Apple announces new HomePod Mini speaker in different colors
Apple's $99 smart speaker, HomePod Mini, will launch in a variety of new colors. It now comes in orange, yellow, and blue. Previously, it was only available in white and dark grey.
Apple has used colors to boost sales on previous-year products since the iPod Nano came in several colors. — Kif Leswing
Apple announces $4.99 Voice Plan for Apple Music
Apple announced a lower-cost version of Apple Music called "Voice Plan." It costs $4.99 per month, undercutting Spotify. The difference between Voice Plan and Apple's existing individual plan is that users can only access it through Siri and it doesn't have spatial audio and other premium features. — Kif Leswing
Tim Cook says the event will focus music and the Mac
After a video showing a musician creating a song out of Apple startup sounds, Apple CEO Tim Cook says the event will focus on "Music and the Mac." — Kif Leswing
Expect a lot of discussion about chip speeds and silicon technology
Apple usually tries to position its Mac marketing away from "speeds and feeds."
In Apple's world, its computers are something you use to create stuff. Focusing on the macOS experience, and the actual clock speed of the processor, or the type or amount of RAM, or other enthusiast-oriented specifications are secondary.
But if Apple plans to make the case that its most expensive MacBook Pro laptops are powerful enough to run professional-level apps with its own chips — and the marketing tagline "unleashed" suggests it will — Apple will need to discuss clock speeds and how it compares to other laptops which use Intel, AMD or Qualcomm chips.
Last year, at Apple's November Mac launch where it introduced the Apple M1 chip, it discussed "performance per watt," making the case that it's not the absolute speed that matters, but how power-efficient the chips are. Apple talked about "multi-threaded workloads" and "unified memory architecture" and said that its M1 chip has "16 billion transistors."
Last year, Apple also talked about its chip's "process technology," which is the manufacturing node that its chips are made with — Apple uses TSMC's 5-nanometer technology, which is currently the most advanced in the world.
Chip industry watchers will watch closely to see if Apple claims a performance crown and which stats it uses to make the comparison — whether it compares its new chips to previous Apple chips, or if it compares them to the competition.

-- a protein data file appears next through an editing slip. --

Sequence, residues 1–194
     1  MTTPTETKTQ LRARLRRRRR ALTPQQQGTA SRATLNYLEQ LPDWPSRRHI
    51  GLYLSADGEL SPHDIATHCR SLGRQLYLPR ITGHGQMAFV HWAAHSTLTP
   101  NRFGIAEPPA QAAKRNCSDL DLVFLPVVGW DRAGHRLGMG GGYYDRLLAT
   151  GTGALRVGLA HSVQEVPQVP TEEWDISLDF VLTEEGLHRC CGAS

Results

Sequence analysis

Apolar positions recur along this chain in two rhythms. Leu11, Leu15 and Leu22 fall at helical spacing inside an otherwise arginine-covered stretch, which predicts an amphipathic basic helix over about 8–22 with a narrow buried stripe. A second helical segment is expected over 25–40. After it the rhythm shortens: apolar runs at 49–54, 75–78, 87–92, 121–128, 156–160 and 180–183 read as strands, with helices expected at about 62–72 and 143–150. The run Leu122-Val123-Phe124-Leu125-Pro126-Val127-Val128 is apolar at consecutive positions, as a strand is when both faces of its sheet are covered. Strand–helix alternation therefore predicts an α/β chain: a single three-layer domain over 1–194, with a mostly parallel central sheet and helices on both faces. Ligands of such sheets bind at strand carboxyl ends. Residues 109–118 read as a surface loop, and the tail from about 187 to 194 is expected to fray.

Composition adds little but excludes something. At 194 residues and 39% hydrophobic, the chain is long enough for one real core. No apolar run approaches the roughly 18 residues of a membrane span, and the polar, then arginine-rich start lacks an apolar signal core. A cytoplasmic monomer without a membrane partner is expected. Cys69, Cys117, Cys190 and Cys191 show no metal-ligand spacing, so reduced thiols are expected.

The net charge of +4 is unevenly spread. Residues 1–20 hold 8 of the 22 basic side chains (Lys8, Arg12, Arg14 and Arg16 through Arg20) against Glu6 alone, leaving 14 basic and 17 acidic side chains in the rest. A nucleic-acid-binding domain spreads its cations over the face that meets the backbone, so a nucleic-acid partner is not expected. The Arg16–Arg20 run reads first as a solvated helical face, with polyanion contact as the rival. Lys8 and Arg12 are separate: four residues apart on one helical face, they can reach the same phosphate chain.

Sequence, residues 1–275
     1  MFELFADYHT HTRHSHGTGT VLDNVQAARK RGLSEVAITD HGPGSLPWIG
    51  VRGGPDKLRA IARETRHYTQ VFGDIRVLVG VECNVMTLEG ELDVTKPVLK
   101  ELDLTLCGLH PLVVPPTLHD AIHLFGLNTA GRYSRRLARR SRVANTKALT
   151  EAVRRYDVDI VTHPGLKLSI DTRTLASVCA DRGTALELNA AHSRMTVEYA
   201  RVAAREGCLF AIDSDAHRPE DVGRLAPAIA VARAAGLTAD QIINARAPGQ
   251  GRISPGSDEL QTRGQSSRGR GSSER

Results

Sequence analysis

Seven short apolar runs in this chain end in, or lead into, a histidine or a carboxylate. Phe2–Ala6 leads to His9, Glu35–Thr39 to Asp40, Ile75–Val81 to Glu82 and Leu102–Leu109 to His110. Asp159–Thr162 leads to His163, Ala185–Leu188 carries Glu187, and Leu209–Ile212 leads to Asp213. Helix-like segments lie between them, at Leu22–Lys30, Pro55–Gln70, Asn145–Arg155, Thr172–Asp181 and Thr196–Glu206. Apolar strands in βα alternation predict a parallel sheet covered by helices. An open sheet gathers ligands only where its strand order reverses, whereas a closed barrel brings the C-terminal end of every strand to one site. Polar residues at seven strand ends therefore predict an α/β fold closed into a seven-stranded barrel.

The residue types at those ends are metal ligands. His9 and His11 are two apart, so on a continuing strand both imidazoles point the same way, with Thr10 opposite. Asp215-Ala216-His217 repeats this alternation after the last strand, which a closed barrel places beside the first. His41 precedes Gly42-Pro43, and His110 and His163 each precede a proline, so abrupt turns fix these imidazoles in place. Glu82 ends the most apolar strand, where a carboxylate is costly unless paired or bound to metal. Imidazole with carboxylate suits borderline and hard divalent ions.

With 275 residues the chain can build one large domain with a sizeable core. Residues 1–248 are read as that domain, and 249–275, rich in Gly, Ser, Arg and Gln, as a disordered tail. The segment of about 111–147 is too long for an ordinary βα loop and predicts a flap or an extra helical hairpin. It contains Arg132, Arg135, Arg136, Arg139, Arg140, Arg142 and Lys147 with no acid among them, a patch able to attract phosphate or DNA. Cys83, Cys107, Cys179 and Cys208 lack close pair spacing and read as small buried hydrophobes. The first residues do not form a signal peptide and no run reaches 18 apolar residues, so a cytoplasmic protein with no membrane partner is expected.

Of course, definitive answers won't come until new Apple chips ship in computers and people get them at home and put them through a series of tests, or benchmarks. — Kif Leswing
If you head over to Apple's live stream of the event now, you'll be treated to a trippy hyperspace animation.(It's the same graphic that was on the invitation to Monday's event.)
I'm not cool enough to know any of the music playing on the stream.
Expect a new Apple processor for Mac
The event's tagline, "unleashed," most likely refers to Apple's chips, and Apple's plans to announce new processors with additional graphics power. Apple's Mac computers remain strategically important for Apple because apps for iPhone, iPad, Apple TV, and Apple Watch apps can only be created on Mac computers.
Apple can keep its Mac sales momentum going if its new computers with high-end processing power are better for running intense applications like 3D modeling. Customers will also watch closely to see if Apple adds additional ports beyond the USB-C connections on current MacBooks which are used both for charging and attaching peripherals. Apple could choose to re-introduce HDMI ports for connecting the computer to TVs and monitors, and bring back the magnetic charging connector that was dropped from most Apple laptops about 5 years ago.
We'll also find out the name of the new chips and how Apple plans to market them. Last year's chip was called the M1, for example.
— Kif Leswing
The pressure is on
I think there's going to be a lot of extra pressure on Apple to deliver a truly "pro" MacBook.
A little history lesson.
Apple last did a major MacBook Pro redesign in 2016, and the product line has suffered from a plague of issues and controversies. The busted keyboards. The removal of ports professionals love, like SD memory card and HDMI ports. A touchscreen instead of physical keys on the keyboard. And so on.
Now it's time for a reset. Apple will reverse course on many of its controversial MacBook decisions, according to most credible rumors ahead of Monday's event. Let's see how the pros respond.
Apple CEO Tim Cook tweets photo of headquarters at sunrise
Apple CEO Tim Cook tweeted a photo of the company's headquarters, Apple Park in Cupertino, California, at sunrise.
But unlike in previous years, Cook does not need to be at Apple's headquarters to get ready for a live show. Monday's launch will be held virtually through a live-stream video on Apple's website and YouTube, and the virtual launch events so far have been pre-recorded.
Apple has not held in-person launch events since the start of the pandemic. — Kif Leswing